The relationship between customers and organisations is changing radically. The significant increase in devices is leading to unprecedented growth in interactions between customers and organisations, between different customers and between organisations and businesses. An additional factor in this is the continuous use of services via digital means such as mobile applications, self-service devices, web applications, etc. “An ever-growing number of customers prefer to use their mobile devices or digital services to consume and/or interact in areas that were once the sole domain of face-to-face services”, remarks Yolanda Rodríguez, Director of the Business Department of the Business and Communication Faculty at the International University of La Rioja (UNIR).


As confirmed by the Director of the Organisation Department, omnichannel commerce takes into account the phase in which the customer is (the current stage of their purchasing process) and provides a personalised experience according to each stage. Why is this beneficial? Because it combines all of the sales channels into one, unifying the customer’s experience through various channels. In short, there aren’t different channels for different customers, it should be thought of as a unified business, where only one thing matters: the customers.

How to create an omnichannel plan

In order to increase the satisfaction of customers when they interact with the various channels, a series of challenges must be overcome. The information given to the customer must be consistent across the various channels. The usability and aesthetics of the channels must also be consistent with the organisation’s aesthetics. It is important for the customer to get a sense of harmony when interacting with the different channels and feel that they are continuously interacting with the organisation. As such, omnichannel commerce enables the organisation to be proactive with its customers, allowing them to be connected to the company’s various channels and create a flow of essential information. The customer service department must respond as soon as the channels become accessible and customers submit queries.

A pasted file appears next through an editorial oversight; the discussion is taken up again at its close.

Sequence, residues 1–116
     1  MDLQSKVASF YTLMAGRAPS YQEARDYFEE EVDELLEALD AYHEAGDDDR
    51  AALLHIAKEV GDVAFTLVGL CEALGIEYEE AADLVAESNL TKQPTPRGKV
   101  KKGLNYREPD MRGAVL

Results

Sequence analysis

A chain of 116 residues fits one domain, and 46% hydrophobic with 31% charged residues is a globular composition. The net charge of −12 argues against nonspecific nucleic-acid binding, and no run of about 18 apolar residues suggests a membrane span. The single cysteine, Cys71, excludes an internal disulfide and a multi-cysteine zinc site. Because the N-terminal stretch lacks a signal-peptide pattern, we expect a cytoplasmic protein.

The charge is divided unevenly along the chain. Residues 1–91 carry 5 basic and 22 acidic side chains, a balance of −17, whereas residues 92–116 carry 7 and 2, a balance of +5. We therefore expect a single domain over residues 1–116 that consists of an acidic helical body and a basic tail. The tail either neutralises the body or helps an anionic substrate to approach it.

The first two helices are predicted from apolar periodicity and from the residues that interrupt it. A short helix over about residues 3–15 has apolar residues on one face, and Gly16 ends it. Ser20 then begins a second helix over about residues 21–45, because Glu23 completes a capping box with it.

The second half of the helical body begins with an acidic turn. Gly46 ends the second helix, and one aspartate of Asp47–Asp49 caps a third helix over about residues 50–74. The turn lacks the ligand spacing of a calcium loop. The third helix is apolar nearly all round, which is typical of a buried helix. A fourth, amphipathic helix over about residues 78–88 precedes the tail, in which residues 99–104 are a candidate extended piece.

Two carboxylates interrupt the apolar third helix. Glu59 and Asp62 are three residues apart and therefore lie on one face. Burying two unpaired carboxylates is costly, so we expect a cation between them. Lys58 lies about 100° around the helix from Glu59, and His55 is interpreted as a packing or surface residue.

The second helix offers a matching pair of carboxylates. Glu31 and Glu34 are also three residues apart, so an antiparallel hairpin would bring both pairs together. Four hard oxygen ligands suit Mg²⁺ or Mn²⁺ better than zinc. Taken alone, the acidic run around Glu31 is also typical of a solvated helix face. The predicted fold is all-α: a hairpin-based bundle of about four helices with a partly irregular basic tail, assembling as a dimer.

What is the difference between omnichannel commerce and multichannel commerce?

While the customer is at the centre of omnichannel commerce, it could be said that the multichannel approach is product-centred, and the various sales channels provide separate opportunities to sell that product. For example, a company can sell its products via an online store, a physical store or even under the umbrella of marketplaces such as Amazon, but all of the sales settings are separate to one another (even though they are selling the same products) and show different levels of stock. For Yolanda Rodríguez, a customer is someone with their finger on the pulse, whose key characteristic is the ability to determine if something is reliable or not. So, if a point of sale does not give them the sense of being a secure space, the customer will reject it and will most likely leave that space.

Success stories of the omnichannel approach

There are also organisations that serve as examples of omnichannel commerce, such as Amazon, once entirely digital and now with experiences in physical locations, seeking to offer its customers a wide range of experiences through Amazon Go, Amazon Fresh, Amazon Books, etc., especially since it acquired the physical supplier of organic food, Whole Foods. Amazon’s mixed model of selling both online and in physical stores seems to have become the most popular model. And in addition to its stores, there is also the incredible Big Data: Cloud Computing (Amazon Web Services or AWS) and Alexa (Artificial Intelligence, AI), all owned by Amazon, which accumulate vast amounts of analysed data.


Each company and plan is a world of its own, with millions of channels and messages entering and leaving the organisation. Combining this information to avoid confusing the customer will be the goal of future organisations that want to survive in the jungle that is the online marketplace. As shown by Yolanda Rodríguez, there are organisations that failed to commit to omnichannel commerce at the right time and they are now left paying the price.